CD&R eyes health tech and care delivery convergence
Clayton Dubilier & Rice’s recent marriage of Vera Whole Health and Castlight Health reflects the emergence of M&A that unites traditional care delivery with health tech companies and cultures.
Why it matters: CD&R partner Ravi Sachdev tells Sarah that there’s a growing recognition that traditional benefit management models don't work without deep engagement from the provider.
- That's fueling this M&A strategy, and driving the progression of value-based care adoption across new targeted populations beyond primary care for seniors.
- “Everybody who is creating a business today is really thinking about how they get the provider more integrated versus just being the service layer," Sachdev says. "And for a long time, all you had to do was just create the service layer.”
- “To be sustainable and to be able to get traction, a lot of the technology companies are realizing they can’t go at it alone now, which is a very different change in attitude,” adds Sandi Peterson, CD&R operating partner.
- Another great example: is the three-way merger of Fresenius Health Partners, InterWell Health and Cricket Health aimed to disrupt kidney care.
Zoom in: Vera-Castlight marks CD&R's fourth iteration of value-based care, following investments in naviHealth (now an Optum business), agilon health and Millennium Physician Group.
- Sachdev this time around says the aim is to redesign the under-65 pocket of employer-sponsored primary care in a way "that hasn’t really existed before."
- “When we started in Medicare, while we were bringing a global risk model, people understood capitation,” Sachdev says. “Here, we’re actually trying to invent the payment model too.”
- Vera’s partnerships with Anthem and JPMorgan Chase make that possible, he says.
- So is the digital health tech that Castlight brings. Connecting directly to a provider for the first time, Castlight can support Vera's doctors by equipping them with tools to engage with patients more effectively.
Between the lines: After UnitedHealth’s Optum and Humana, Sachdev says that CD&R is “probably the biggest primary care lives aggregator in the country in risk." That he thinks will give CD&R continued differentiation.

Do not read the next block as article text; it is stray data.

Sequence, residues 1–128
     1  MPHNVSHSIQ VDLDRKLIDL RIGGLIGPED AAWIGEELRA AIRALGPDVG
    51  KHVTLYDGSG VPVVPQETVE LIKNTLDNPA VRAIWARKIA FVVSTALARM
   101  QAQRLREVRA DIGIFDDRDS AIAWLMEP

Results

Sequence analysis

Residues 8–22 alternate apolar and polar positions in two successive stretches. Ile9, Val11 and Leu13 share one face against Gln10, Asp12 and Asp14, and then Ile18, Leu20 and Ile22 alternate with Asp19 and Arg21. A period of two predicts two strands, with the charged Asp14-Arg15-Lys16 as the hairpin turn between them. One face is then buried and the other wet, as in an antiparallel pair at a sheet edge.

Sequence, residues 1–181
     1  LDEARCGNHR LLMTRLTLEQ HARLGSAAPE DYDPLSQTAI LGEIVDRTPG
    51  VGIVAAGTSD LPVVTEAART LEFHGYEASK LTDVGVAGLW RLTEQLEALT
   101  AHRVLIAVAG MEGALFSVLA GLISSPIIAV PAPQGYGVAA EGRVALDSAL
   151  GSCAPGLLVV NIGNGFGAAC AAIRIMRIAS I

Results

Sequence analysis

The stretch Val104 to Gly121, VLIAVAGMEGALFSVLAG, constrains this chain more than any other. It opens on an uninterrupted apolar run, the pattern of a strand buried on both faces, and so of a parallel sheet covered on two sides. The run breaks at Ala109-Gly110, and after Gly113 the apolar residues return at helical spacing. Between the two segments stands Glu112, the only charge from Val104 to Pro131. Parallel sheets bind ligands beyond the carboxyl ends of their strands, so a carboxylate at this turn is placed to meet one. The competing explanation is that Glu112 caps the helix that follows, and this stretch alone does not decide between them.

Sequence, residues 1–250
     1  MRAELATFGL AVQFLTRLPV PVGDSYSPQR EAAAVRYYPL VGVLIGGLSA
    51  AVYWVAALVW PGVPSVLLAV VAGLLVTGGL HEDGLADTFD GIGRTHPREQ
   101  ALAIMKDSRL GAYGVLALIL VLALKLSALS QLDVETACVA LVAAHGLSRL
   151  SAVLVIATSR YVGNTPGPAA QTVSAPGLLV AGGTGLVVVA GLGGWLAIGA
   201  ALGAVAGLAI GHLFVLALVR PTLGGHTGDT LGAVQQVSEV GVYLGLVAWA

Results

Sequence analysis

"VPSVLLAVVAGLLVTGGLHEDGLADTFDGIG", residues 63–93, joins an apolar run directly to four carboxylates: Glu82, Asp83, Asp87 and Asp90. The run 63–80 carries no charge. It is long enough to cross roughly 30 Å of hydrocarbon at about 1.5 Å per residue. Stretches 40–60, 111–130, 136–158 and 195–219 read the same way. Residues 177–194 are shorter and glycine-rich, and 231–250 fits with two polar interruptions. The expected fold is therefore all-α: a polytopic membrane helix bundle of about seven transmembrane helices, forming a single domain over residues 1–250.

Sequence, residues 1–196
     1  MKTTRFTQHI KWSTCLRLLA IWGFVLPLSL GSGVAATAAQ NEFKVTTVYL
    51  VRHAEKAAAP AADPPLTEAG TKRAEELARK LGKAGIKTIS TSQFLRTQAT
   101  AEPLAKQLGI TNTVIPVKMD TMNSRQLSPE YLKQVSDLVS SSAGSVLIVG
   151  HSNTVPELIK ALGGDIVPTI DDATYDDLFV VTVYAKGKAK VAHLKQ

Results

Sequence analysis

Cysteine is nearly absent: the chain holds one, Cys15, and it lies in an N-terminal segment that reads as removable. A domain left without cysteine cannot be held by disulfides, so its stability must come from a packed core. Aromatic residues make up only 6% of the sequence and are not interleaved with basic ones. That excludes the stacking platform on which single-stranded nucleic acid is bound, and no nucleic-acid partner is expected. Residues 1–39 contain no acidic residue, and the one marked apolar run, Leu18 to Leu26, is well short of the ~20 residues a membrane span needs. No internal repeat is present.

- “Capabilities that we could leverage across our ecosystem is something we’re going to think about and the home could be an interesting part of that,” Sachdev says.
Yes, and: This fusion of tech and health care services has culture implications.
- "As we’ve really switched to people recognizing that there’s a lot of value in outcome versus just more utilization, that’s why you see this merging happening of technology and care delivery," Sachdev says.
- That's a big culture change for tech companies, which he says have historically focused on selling a product versus being an input to how you create outcome.
Separately, CD&R is participating in the convergence of health care and Big Tech as it relates to pharma services, Peterson says.
- Peterson points to M2GEN, an oncology data and informatics company that recently partnered with Microsoft to build up a more robust tech stack.
- CD&R didn't participate in the first wave of CROS, but on the pharma side, “we're still in the early stages of getting smarter about the body, and a lot of things are enabled by tech," Peterson says.
What’s next: As the health and tech worlds keep colliding, so will the types of firms working together.
- Sachdev suspects CD&R and other large funds will keep mining for value creation opportunities down market, while smaller funds (like Oak HC/FT) play in other (larger) segments of the market.
- “I think that people are going to start to attack the innovation opportunity beyond venture capital in a pretty meaningful way.”